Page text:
NRPs lack an intracellular signaling-transducing domain; therefore, a class A plexin is typically required to mediate SEMA3A signals [156]. It was recently described that Plxna1−/−/Plxna3−/− double mutant mice phenocopied GnRH neuron and olfactory defects observed in Sema3a-null mice, included hypogonadism in both sexes [159]. In contrast, single Plxna1 loss only mildly affects the GnRH neuron and olfactory systems in mice [160]. Hence, these results strongly suggest that PLXNA1 and PLXNA3 serve as the main receptors for properly transducing the SEMA3A signal in GnRH neuron and nasal axon migration.
In agreement with the mouse model phenotype, pathogenic variants were first found in SEMA3A [158,161,162] and, subsequently in NRP1, NRP2 and PLXNA1 in normosmic CHH/KS patients [160,163].
Further, variants in SEMA3F (chr 3p21.31) and its preferential receptor PLXNA3 (chr Xq28) were recently found in 15 patients belonging to 11 independent families with normosmic CHH/KS [164]. PLXNA3 is believed to undergo random X-inactivation [165]. As a result, Plxna1−/−; Plxna3+/− female mice exhibited an intermediate severity in the GnRH phenotype [159]. However, human studies are limited to a single report, which highlights a higher prevalence of normosmic CHH/KS in males [164].
Kotan and colleagues also detected SEMA3F expression in human embryos alongside VN and TN axons, also suggesting a role for this semaphorin signaling in human puberty onset and reproduction [164]. However, phenotypic analysis of Sema3f-−/− mice previously demonstrated that SEMA3F is dispensable for nasal axon patterning and GnRH neuron migration [155].
Finally, a rare single variant in CHL1 (cell adhesion molecule L1-like, chr 3p26.3), acting as co-receptor for NRP1-SEMA3A signal transduction, was recently described in one pedigree presenting CHH and anosmia. Chen et al. revealed a role of CHL1 in GnRH neuron migration and survival, showing by in vitro studies an impaired ability of migration and the increase in necroptosis in CHL1-mutant cells [166]. Chl1-null mice also exhibited abnormal OLF axon guidance but the reproductive phenotype was not evaluated [167].
Semaphorin 3E (SEMA3E)
To date, SEMA3E (chr 7q21.11) variants have only been reported in two studies: in two brothers with KS, alongside CHD7 mutation [23], and in a normosmic CHH patient in combination with a PLXNA1 variant [163]. Although SEMA3E is known to modulate axonal growth through PLXND1 [168,169], in the GnRH neuronal system it promotes survival in PLXND1-expressing GnRH neurons once they have reached the hypothalamus. Therefore, dysfunctional SEMA3E signaling via PI3K results in fewer GnRH neurons surviving in the hypothalamus [23].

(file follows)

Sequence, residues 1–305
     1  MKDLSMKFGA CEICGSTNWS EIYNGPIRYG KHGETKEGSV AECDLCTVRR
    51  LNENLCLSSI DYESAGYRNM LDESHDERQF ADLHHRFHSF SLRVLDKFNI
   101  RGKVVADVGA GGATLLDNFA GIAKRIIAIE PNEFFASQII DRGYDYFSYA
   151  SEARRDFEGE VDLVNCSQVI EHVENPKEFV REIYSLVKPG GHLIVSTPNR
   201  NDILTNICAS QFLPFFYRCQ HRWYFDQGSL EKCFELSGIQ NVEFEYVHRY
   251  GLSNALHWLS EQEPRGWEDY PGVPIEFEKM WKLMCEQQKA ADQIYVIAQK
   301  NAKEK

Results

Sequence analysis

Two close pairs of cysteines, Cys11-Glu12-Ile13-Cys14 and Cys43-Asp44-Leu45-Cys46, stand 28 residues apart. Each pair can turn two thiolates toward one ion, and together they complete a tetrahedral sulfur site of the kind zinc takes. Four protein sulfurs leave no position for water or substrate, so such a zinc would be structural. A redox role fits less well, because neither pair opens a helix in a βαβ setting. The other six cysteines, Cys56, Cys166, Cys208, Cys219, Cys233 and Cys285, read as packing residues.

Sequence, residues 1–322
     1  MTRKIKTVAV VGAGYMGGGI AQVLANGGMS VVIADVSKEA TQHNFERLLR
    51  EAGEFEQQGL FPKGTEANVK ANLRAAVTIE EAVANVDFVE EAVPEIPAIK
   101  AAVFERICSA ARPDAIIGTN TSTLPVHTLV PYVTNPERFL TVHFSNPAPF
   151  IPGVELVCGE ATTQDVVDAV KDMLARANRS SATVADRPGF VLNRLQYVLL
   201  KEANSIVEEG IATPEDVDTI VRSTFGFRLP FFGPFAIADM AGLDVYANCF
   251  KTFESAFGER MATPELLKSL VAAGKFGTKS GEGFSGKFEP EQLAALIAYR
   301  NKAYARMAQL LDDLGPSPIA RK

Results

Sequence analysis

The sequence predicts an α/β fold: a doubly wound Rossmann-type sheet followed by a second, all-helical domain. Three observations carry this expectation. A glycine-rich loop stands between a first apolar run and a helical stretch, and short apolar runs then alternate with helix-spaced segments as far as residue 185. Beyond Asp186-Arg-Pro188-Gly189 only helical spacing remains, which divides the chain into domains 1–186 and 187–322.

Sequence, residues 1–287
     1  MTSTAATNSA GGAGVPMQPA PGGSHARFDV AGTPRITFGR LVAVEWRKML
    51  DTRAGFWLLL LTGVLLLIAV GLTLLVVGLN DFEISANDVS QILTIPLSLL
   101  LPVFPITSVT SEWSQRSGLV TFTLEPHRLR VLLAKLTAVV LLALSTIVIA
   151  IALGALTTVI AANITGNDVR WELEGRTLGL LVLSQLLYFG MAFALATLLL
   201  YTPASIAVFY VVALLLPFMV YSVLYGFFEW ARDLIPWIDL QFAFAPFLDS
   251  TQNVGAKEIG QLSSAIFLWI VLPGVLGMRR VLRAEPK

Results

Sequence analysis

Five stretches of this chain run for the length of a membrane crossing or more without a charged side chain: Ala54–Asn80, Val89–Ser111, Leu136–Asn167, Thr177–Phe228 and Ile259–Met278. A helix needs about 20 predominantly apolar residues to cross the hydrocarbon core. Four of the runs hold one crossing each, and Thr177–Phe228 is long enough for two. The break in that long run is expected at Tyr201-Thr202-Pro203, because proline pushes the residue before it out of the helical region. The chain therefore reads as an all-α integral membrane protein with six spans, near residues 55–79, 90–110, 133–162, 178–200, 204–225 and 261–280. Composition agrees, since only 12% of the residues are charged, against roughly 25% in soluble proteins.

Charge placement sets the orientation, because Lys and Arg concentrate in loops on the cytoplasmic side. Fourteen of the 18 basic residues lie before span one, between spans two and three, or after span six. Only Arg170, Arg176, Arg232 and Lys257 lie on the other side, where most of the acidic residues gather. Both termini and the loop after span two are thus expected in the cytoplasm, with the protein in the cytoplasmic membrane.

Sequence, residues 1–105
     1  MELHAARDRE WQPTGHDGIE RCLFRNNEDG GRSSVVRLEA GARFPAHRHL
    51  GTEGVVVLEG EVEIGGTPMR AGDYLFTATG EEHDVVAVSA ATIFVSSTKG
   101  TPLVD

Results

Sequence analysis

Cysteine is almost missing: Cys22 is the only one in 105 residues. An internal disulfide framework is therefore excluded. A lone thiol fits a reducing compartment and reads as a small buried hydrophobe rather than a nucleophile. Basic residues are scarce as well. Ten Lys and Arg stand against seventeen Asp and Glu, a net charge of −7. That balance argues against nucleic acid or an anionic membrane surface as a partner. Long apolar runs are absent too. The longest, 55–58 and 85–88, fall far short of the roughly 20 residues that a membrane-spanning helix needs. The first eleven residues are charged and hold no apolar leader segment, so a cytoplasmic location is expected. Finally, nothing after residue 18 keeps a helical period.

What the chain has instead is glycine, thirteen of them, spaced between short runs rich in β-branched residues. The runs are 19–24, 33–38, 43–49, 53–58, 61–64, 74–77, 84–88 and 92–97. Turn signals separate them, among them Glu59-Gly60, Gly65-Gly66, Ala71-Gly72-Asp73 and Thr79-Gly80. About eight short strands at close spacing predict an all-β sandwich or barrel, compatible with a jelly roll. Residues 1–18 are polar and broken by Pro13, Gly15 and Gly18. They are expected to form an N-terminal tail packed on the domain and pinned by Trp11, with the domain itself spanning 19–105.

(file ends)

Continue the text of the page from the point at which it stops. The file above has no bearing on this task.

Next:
In addition, SEMA3E mutations have also been reported in a single CHARGE syndrome patient [170], supporting the possible genetic interactions between semaphorins and CHD7, the main gene mutated in CHARGE syndrome [171].
Finally, SEMA3E variants were found to be enriched in patients affected by mild forms of CHH and adult-onset CHH. These findings support a common genetic architecture underlying these pathological conditions [54].
Semaphorin 7A (SEMA7A)
SEMA7A is the only glycosyl-phosphatidylinositol-anchored member of the semaphorin family and signals through either PLXNC1 or ITGB1 (β1-integrin) receptors [156]. A lack of SEMA7A signaling through β1-integrin, which is expressed by GnRH neurons, was previously associated with a decreased migration and neurite extension of GnRH neurons. Together, these developmental defects resulted in a reduced gonadal size and subfertility in both Sema7a- and Itgb1-null mice [28,172].
Subsequently, mutations found in KS patients have also confirmed the essential role of SEMA7A (chr 15q22.3-q23) in humans [162].

4.2.9. Immunoglobulin Superfamily Member 10 (IGSF10)

In mouse embryos, the expression pattern of secreted immunoglobulin superfamily member Igsf10 showed a ventral to dorsal gradient between the VNO and OBs. Therefore, IGSF10 was postulated to directly act on migrating GnRH neurons, similar to other chemotactic cues (e.g., SEMA4D, CXCL12) [173]. However, receptor(s) for secreted IGSF10 are still unknown and mice lacking Igsf10 were not available. Hence, the role of IGSF10 in GnRH neuron migration was determined due to gene knockdown experiments in zebrafish and immortalized GN11 cells [173]. IGSF10 (chr 3q25.1) was found to be mutated in patients affected by normosmic CHH [173].